I tried going to some of the online virus scan sites but all of them errored out with "Website is not responding". Great. I knew I had a virus or trojan or malware of some sort, but now what?
I did some searching on my laptop and found that a lot of people have been able to use MalwareBytes to get rid of this particular virus. However, I couldn't even install the program on the computer.
Ultimately, the best reference I found for this was at http://www.troublefixers.com/remove-virus-which-redirects-to-gogooglecom-gogooglecom-redirect-virus-removal-tool-for-windows. There they tell you that the virus actually installs a device driver called TDSSserv.sys, and this is what's causing the problem as well as intercepting the calls to anti-virus websites. After I followed the instructions on that page to disable the malware device driver (it's hidden, on top of everything else) I was able to run my AV program and MalwareBytes and get rid of everything.
What a huge pain. At least it was only the kid's computer, which doesn't contain any important information and can easily be rebuilt.
Per Ben Poole's suggestion on Alan's blog, I ended up happy with ImageWell. I'm still getting used to the editing interface, but I can crop, resize, draw boxes and text and arrows, and add drop shadows. Also, when it's open I can just press Command-G for a screenshot so I don't have to use a separate program or use the normal Command-Shift-3 thing to take a screenshot and then open the file with something else. Macs don't have a PrintScreen button, you see.
As an interesting sidenote, I also found out that you can select a program in Finder by single-clicking it, then copy with Command-C, then open up Preview and choose "File-New From Clipboard" -- and hey, you've got a nice copy of the program's icon ready for saving. Like... oh look, a Lotus Symphony icon!
Before I start my Lotusphere wrap-up, many thanks to Erica Topolsky. She ran the "blogger program" that I was fortunate to be a part of, which gave me and several others access that we wouldn't normally have along with some great seats at the OGS. Ever-present Ed Brill was also part of the planning on this program, so thanks as well to Ed and whoever else was involved.
So, on to the wrap-up. Here are my takeaways from Lotusphere 2009:
The Lotus Brand Is Back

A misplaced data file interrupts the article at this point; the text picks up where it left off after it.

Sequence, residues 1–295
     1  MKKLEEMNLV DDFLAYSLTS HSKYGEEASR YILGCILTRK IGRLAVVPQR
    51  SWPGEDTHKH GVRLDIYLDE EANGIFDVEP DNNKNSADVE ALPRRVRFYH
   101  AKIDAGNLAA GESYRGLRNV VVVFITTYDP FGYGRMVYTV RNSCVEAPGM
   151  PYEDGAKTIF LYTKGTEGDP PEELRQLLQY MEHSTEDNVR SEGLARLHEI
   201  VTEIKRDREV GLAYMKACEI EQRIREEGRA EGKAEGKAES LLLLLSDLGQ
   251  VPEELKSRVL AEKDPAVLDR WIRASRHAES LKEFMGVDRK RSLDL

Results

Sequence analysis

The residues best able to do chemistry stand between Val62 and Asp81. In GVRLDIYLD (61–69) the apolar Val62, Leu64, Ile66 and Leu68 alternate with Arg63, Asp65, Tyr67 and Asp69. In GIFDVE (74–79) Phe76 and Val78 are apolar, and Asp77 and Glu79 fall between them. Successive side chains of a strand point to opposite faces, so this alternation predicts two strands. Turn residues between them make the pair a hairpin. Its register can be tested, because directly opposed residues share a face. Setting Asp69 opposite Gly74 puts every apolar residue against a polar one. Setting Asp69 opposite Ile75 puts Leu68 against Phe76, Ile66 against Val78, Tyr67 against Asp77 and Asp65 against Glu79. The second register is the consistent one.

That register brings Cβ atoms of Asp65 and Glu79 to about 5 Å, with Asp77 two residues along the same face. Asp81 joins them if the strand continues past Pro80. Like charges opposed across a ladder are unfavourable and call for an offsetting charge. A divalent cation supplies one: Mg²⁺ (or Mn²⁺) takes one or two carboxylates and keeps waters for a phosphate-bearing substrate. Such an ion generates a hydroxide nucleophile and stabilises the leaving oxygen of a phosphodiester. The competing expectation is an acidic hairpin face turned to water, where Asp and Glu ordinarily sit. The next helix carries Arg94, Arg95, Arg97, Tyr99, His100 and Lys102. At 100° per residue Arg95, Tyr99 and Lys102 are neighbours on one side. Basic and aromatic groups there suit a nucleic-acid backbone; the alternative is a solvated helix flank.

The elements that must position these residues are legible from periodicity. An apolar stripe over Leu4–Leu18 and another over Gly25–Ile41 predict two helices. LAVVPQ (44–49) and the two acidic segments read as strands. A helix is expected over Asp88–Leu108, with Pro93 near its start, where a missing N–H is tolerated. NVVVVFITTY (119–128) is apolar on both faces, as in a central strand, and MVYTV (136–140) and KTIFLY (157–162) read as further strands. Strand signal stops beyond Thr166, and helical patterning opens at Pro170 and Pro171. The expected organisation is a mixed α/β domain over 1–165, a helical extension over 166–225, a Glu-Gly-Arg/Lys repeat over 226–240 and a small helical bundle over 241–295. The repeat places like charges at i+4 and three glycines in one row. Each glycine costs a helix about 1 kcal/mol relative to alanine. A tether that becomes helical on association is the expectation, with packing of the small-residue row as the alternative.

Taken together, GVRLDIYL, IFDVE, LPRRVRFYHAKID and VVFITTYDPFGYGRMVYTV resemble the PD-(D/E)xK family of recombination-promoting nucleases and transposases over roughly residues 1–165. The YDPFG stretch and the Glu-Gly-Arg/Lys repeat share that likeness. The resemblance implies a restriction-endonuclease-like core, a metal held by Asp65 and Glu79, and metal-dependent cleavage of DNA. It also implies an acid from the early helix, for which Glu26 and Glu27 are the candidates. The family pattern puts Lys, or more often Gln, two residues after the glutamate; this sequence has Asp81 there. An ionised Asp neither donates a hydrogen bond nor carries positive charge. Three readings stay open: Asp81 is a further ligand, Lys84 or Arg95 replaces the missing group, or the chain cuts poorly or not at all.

IBM is no longer trying to bury the "Lotus" name, and instead are embracing and promoting it. There was yellow everywhere this year (including a yellow Portal logo), and the Bluehouse site has been renamed as LotusLive.
On top of that, new Lotus GM Bob Picciano doesn't appear to be coming into his job with any baggage from other roles he's had at IBM. He went to Orlando and embraced the Lotus community without any obvious ulterior motives or plans to scrap one technology and needlessly push another. Heck, he even sang karaoke at Kimono's -- which will now become a default rite of passage for future Lotus execs, I hope.
XPages Are For Real
Despite the fact that we've been hearing about XPages technology in Notes 8.5 for the past year, there were still some doubts in many people's minds. Doubts about whether or not it was just another flash-in-the-pan technology that gets kicked under the rug in a year. Doubts about whether or not it's a good idea to have some new way of producing web content that isn't backwards-compatible with anything we've been doing for the past 15 years.
Well, XPages are here to stay, and they're insanely useful. I've been hacking Domino web apps for so long I forgot that half my development techniques are hacks. XPages are not only a fresh start, but they also give us better ways to integrate information on a page natively. And they'll work in the Notes client in 8.5.1. And on the Blackberry later this year. And they'll be used in the Quickr 8.5 templates.
As a developer, don't think of this as "Oh great, I have to rewrite all my web apps to use XPages". That's crazy, why would you do that? All your existing Domino web apps will continue to work. However, as you move to 8.5 and need to add functionality or build new apps, that's when it'll come into play. Need to join 2 views so you can display combined data for the boss? XPages. Need to build a web app for multiple divisions across the company that should have a different "skin" for each division? XPages. Need to display a rich text field in a view (like Martin Donnelly and and Thomas Gumz showed in AD205)? XPages.